tks for your mail. There is only a thin line between professionals and part time photographers. the thning is to have quality photographs. the idea of my site is to break the stranglehold of professional agencies and photographers who charge up to 100 dollars for a pic. the result is no one who cant pay up, gets to use a pciture. for instance if you want to use a kashmir picture on your site, where will you get it from, unless youlift it from. If you want an Indian Gate pic will any photographer give it to you for less than 100 dollars? albumindia is an egalitarian concept. any nri who wants to keep an india pic on his desktop can get it from albumindia. Such efforts need to be encouraged, dont you think. Kindly reconsider.
How does one give a link to my book? cn i send you a synopsis with reviews?
This note from him pissed me off on various levels. First, he says there is “only a thin line between professionals and part time photographers.” No, there is no thin line. Actually, it’s a big fat one. If you are a professional, you derive your income from your profession. It’s less about art with a capital A and more about running a business for yourself so that you can feed your family, throw a roof over your head and perhaps imagine upgrading your equipment every two or three years. It’s a hard life and Mr. John belittles the profession, equating it to the ilk of weekend snap-shooters.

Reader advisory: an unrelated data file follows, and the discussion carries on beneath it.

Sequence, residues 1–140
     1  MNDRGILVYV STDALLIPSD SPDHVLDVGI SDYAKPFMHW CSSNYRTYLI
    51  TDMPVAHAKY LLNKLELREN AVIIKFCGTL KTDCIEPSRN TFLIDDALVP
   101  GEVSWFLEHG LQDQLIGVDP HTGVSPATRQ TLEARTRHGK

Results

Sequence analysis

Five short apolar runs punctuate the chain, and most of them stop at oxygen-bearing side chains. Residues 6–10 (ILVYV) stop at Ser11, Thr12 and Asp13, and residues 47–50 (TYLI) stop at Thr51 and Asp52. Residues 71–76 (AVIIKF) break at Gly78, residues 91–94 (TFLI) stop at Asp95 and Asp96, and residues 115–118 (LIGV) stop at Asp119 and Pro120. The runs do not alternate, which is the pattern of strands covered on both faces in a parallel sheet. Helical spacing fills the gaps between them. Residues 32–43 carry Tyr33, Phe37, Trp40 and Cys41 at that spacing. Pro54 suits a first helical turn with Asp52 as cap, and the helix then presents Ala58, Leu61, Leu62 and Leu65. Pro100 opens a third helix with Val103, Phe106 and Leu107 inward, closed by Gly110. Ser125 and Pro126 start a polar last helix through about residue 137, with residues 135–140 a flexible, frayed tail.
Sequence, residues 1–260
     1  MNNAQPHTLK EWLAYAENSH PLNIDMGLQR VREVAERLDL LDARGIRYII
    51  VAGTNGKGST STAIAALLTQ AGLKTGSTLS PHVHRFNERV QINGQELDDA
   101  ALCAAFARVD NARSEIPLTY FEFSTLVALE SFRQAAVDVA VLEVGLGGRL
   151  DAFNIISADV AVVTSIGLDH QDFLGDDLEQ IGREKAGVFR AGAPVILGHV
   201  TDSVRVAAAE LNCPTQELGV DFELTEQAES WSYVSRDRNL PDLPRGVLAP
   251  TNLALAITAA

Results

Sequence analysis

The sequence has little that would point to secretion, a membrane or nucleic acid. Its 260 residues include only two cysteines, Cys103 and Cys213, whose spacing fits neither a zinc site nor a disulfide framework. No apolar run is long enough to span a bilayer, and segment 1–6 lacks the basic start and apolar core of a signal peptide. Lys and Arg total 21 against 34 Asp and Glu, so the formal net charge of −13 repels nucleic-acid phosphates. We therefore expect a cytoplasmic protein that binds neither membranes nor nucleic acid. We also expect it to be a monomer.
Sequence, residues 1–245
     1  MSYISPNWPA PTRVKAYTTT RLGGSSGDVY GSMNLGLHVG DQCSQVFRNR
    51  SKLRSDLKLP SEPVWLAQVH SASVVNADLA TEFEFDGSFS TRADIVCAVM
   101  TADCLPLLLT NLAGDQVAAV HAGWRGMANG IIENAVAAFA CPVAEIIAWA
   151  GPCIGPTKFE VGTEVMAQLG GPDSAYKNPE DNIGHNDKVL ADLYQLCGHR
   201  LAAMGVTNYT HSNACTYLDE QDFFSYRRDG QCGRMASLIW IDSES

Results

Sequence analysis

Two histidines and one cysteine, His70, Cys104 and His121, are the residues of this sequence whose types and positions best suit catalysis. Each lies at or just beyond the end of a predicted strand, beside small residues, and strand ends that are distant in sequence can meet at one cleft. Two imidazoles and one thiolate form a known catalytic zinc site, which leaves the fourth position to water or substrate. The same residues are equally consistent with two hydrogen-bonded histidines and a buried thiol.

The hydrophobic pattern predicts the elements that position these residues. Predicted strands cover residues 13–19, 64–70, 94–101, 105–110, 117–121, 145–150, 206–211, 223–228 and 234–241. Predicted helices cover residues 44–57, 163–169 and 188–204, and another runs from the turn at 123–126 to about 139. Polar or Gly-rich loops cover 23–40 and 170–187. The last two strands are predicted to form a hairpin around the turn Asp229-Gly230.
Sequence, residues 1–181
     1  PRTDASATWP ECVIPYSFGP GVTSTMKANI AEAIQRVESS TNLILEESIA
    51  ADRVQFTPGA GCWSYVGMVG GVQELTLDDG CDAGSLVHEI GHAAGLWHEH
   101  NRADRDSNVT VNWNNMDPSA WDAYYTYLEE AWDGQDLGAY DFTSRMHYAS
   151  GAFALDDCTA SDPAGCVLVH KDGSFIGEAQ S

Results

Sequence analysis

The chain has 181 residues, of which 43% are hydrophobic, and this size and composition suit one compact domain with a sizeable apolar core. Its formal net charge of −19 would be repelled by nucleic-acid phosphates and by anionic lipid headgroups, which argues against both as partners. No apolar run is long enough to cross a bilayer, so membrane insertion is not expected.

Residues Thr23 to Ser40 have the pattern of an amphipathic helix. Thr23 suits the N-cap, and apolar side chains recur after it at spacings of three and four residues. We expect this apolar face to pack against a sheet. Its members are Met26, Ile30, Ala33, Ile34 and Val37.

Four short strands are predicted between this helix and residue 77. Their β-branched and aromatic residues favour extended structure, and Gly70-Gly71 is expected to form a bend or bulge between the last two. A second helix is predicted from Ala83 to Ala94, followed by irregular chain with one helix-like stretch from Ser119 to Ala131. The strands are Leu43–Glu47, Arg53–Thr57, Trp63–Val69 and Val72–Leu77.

Mr. John then goes noble on me – “the idea of my site is to break the stranglehold of professional agencies and photographers who charge up to 100 dollars for a pic. the result is no one who cant pay up, gets to use a pciture.[sic]” Hmm… there is no logic in this statement, just empty Marxist/Leninist rhetoric. Professional agencies and photographers have to run a business and they attach a value (one that is depreciating thanks to the antics of people like Mr. John) to their work. Whether an image is really worth a $100 or lower, or higher, is for the market to decide, though the decision is also reached after careful analysis of one’s cost of doing business. So, Mr. John has no concept of the business side of photography.
He then says,“for instance if you want to use a kashmir picture on your site, where will you get it from, unless youlift it from.”